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Tuesday
Apr262011

Thomas Charles of Bala

In Iain Murray's book,  Heroes, I was introduced to someone about whom I knew almost nothing.  I had read the name Thomas Charles of Bala somewhere, but I knew little of him.  This man was one of those relatively unknown men whose contributions to the building of the kingdom of God exceeds his reputation.

Charles was born in Wales in 1755.  As a young man, he heard the famous Welsh pastor, Daniel Rowland preach, and he was converted.  After his conversion, Charles attended Oxford, and then spent time with John Newton in Olney.  After his ordination to the Church of England, Charles set about to court a young woman in Bala, Sally Jones.  It was a long process which was met with obstacles such as her initial reluctance, and then by her parents' reluctance to see her move so far away from them.  Sally was an only child, and to see her go so far from home was rather unbearable to them.  Charles was sensitive to that, and endeavoured to find a charge in North Wales, a search that would prove unfruitful.  Charles would speak at various parishes for one or two weeks, but then would be dismissed, the hearing of spiritual truth being unwanted in those parishes.  

The first years of his marriage were ones of learning humility, as he sought to find a church in Wales.  He was frequently seen behind the counter of the shop which his in-laws owned, because he could not find places to preach.  John Newton encouraged him to consider churches outside of Wales, but Charles felt called to Bala and remained.  It was not until he was invited to speak at the Calvinistic Methodist church of his in-laws that things turned around.  Charles was in Bala at the beginning of a great revival that would last for forty years and would extend through all of Wales.  The revival was not begun with a huge amount of fanfare.  Charles comments on this:

The glorious work began on a Sunday afternoon, in the chapel, where I preached twice that day, and cannot say that there was anything particular in the ministry of that day, more than what I had often experienced among our dear people here.  But, towards the close of the evening service, the Spirit of God seemed to work in a very powerful manner on the minds of great numbers present who never appeared before to seek the Lord's face; but now, there was a general and loud crying. 'What must I do to be saved?', and, 'God be merciful to me a sinner.'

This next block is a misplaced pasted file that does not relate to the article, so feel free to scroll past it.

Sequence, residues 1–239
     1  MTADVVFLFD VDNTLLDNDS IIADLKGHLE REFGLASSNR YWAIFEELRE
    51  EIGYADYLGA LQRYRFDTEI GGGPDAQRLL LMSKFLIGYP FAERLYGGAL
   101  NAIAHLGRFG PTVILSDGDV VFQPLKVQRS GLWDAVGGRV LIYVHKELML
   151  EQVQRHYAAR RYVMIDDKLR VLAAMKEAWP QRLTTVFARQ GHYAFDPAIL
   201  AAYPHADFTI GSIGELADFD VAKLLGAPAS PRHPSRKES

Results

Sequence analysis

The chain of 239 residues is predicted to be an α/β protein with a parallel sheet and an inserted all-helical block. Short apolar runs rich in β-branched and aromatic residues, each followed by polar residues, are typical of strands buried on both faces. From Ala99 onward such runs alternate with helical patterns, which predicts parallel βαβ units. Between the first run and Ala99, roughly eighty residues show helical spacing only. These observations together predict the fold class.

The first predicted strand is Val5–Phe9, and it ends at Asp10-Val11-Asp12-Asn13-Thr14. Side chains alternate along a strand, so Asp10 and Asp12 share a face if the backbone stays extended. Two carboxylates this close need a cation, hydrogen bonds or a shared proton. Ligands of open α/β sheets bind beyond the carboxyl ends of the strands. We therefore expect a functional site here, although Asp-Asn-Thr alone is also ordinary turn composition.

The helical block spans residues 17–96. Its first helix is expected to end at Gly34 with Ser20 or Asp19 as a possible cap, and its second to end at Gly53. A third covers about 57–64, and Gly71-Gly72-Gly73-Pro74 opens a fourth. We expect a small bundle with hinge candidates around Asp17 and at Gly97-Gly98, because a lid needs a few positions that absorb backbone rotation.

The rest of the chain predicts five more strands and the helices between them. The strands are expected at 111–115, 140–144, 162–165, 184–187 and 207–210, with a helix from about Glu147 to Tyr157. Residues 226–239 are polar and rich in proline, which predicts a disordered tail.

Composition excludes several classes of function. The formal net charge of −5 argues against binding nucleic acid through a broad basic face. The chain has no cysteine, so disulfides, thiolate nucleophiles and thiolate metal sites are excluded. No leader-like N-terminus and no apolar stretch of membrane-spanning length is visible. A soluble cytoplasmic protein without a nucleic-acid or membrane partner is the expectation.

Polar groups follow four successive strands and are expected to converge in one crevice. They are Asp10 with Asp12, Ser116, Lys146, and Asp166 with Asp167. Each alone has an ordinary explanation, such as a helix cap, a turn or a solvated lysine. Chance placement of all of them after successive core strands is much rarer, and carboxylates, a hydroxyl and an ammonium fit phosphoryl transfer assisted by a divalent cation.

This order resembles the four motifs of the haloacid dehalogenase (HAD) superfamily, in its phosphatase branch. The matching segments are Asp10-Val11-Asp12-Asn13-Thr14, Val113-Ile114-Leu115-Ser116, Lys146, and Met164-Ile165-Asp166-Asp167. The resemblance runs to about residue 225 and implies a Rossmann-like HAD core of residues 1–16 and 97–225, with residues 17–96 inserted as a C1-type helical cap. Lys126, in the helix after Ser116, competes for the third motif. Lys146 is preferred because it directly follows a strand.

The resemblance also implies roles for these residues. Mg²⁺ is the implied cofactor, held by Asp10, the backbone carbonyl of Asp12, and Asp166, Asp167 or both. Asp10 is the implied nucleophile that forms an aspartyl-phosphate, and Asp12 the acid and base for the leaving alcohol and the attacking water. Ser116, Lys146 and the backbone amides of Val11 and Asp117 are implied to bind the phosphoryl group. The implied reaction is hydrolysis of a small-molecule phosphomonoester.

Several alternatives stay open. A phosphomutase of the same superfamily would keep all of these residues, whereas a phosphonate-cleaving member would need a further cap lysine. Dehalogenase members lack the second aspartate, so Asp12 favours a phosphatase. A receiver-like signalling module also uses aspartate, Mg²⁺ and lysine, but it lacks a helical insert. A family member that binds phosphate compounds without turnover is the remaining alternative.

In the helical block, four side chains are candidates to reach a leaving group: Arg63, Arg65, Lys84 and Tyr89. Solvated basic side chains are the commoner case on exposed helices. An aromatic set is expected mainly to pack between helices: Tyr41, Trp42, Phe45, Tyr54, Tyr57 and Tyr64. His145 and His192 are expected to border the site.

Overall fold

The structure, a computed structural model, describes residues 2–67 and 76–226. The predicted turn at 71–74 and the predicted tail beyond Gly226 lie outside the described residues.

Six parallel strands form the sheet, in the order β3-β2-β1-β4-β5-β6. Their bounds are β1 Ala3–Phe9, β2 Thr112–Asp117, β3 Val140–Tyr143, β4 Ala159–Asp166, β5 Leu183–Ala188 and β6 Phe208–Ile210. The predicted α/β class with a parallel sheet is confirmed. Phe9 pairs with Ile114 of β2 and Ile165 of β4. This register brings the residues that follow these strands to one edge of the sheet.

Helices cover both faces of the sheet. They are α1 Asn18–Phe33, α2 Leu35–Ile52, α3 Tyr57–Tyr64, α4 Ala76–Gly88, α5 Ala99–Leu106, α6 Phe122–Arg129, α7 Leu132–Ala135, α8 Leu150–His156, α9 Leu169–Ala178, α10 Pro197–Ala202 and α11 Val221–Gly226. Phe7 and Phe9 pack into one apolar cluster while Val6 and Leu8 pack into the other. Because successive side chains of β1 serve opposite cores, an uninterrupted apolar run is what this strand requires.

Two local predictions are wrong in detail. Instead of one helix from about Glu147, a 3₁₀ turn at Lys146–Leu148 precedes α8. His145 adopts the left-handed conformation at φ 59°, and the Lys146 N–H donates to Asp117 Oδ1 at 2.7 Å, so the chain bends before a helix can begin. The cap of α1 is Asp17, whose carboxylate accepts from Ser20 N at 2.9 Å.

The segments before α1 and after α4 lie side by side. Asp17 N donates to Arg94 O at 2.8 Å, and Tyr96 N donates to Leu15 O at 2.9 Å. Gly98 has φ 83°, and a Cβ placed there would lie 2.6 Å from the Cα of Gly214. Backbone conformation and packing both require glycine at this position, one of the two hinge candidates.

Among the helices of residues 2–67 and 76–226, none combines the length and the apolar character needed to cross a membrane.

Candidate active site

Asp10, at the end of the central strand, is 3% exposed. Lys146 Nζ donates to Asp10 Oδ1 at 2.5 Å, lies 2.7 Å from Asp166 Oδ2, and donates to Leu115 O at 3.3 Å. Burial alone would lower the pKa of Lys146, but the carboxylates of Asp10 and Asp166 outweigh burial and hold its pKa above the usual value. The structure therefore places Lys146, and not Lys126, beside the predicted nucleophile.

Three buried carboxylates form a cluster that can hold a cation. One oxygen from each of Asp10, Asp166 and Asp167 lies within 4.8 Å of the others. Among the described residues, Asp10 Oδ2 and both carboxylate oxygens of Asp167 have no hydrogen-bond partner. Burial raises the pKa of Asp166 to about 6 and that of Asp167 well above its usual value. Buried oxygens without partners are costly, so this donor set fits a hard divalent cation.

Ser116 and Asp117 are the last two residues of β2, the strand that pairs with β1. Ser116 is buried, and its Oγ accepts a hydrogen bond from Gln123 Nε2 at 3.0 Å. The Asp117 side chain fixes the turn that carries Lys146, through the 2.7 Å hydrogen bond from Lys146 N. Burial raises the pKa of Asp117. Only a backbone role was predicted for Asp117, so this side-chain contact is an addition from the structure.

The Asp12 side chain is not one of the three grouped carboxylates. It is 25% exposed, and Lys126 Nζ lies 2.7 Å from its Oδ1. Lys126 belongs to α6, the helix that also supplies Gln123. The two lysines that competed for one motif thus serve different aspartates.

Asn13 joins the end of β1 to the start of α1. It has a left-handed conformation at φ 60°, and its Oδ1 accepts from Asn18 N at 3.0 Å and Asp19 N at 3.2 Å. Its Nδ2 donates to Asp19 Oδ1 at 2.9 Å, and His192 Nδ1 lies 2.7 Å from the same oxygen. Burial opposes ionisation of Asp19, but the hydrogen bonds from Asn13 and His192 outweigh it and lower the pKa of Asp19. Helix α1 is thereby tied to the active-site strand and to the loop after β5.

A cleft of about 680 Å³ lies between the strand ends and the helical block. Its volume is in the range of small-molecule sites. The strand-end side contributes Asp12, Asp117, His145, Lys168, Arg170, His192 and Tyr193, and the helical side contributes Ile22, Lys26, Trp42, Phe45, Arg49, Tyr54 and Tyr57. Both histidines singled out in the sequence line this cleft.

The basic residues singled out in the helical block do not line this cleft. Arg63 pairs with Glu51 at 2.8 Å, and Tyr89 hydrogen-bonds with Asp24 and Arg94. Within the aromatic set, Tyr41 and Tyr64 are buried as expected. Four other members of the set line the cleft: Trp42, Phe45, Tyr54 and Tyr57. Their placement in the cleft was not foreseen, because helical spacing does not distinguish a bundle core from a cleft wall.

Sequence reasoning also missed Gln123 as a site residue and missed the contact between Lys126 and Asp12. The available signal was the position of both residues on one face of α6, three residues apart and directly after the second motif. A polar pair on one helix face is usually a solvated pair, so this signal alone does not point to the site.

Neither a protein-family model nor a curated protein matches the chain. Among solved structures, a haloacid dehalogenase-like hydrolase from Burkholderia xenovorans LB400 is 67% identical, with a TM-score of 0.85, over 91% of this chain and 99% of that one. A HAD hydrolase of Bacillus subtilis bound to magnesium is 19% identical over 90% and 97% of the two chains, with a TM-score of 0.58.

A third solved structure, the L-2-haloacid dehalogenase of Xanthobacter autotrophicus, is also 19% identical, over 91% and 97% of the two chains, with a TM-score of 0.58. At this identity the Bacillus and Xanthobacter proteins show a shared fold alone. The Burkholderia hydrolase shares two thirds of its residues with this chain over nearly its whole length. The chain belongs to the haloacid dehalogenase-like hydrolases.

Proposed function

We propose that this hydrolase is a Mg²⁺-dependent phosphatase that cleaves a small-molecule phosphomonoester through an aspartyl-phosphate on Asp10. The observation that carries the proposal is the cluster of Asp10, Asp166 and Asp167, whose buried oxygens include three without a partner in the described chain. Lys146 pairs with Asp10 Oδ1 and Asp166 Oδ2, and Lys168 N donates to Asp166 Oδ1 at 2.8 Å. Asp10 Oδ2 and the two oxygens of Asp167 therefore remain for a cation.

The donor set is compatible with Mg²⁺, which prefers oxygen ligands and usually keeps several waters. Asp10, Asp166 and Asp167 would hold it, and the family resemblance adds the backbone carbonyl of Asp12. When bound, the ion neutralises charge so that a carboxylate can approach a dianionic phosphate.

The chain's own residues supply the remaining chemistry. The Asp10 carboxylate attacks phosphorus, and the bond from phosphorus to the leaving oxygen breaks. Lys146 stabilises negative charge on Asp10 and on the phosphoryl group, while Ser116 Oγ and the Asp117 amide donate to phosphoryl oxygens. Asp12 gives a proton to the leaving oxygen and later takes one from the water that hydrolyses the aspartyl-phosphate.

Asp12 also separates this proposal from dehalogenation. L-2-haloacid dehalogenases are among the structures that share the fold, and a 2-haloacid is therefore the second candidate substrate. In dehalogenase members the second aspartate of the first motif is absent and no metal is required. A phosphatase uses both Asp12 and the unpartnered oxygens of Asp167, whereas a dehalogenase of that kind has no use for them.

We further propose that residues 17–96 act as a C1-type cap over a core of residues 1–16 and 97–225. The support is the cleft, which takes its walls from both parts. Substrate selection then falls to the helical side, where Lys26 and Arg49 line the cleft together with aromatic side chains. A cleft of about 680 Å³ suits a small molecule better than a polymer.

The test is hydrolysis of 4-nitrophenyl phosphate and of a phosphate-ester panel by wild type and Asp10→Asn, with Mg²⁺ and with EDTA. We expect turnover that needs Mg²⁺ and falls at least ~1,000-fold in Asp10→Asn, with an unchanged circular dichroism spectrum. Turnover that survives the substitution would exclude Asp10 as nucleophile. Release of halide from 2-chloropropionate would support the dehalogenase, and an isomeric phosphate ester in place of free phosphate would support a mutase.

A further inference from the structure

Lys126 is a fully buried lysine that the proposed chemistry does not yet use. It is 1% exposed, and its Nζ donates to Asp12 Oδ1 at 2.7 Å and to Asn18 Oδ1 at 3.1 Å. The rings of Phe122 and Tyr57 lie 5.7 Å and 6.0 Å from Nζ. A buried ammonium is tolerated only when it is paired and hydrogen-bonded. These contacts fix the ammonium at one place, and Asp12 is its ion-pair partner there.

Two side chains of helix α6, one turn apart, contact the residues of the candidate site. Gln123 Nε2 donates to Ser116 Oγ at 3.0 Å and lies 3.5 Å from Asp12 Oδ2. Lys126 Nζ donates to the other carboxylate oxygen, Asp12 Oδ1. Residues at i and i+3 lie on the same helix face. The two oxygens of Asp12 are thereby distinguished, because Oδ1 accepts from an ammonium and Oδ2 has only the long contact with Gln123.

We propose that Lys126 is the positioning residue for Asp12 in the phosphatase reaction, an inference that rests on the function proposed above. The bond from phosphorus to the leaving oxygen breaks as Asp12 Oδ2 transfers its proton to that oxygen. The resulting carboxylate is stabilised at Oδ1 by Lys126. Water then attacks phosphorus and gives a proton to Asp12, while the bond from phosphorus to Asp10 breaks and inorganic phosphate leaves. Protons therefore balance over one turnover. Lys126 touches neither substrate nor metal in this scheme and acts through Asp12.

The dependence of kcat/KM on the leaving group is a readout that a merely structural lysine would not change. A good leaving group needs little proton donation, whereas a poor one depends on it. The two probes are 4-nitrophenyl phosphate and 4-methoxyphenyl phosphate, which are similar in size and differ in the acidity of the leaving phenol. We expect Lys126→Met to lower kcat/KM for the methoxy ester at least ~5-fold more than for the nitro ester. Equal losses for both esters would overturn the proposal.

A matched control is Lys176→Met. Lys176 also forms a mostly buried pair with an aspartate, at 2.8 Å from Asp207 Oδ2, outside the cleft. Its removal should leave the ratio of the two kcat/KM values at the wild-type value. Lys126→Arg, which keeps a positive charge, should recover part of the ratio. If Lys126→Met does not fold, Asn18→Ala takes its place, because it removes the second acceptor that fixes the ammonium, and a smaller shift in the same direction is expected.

This is something I have read more than once:  often, the biggest revivals start in the most simple, unremarkable ways.  We tend to think of revival being proceeded by the big and splashy.  This revival began with simple gospel preaching, and no doubt, prayer.

The results of the revival were seen in the lives of the people.  Charles wrote in 1811:

The whole country is in a manner emerging from a state of great ignorance and barbarity, to civilization and piety ... Bibles without end are called for, are read diligently, learned by heart, and searched into with unwearied diligence and care.  Instead of vain amusements, dancing, card-playing, interludes, quarreling, and barbarous and most cruel fightings; we have now prayer meetings, our congregations are crowded, and public catechising is becoming pleasant, familiar and profitable.'

Wherever there is true conversion, there will be a change in how people live.  Any account of revivals will record such activities.

In addition to preaching, Charles saw the need for the education of children and young people.  Beginning in his own home, he sought to teach the children to read and memorize portions of the Bible.  Eventually, this extended into larger venues, and also initiated the drive to get Bibles written in the Welsh language.  The hunger for the Scriptures outdid the availability of them.  In his frustration of not being able to supply enough copies of the Bible, Charles initiated events that would lead to the foundation of the British and Foreign Bible Society.  I could not help but think as I read this of Lloyd-Jones, and the founding of the Banner of Trust, which was begun to re-print good Christian reading material.

Charles may not be well known to some, and he has not the fame and familiarity that men such as Edwards and Spurgeon have, but his contribution is indeed important.  Murray concludes this account:

The writings of Thomas Charles reveal nothing original but they can renew in us clearer convictions about the extent of man's fall and rebellion against God, and the amazing plan of redemption.  This alone is the message which has changed and can change the world.

We live in an age when we fell that we must be "new" and "fresh" at ever turn.  Bigger and better is the order of the day.  But the bottom line is that the ageless trugh of the gospel is preached, things are changed.  The message does not need to be fancified or made more "exciting."  It already is exciting if we will be look closely at it.

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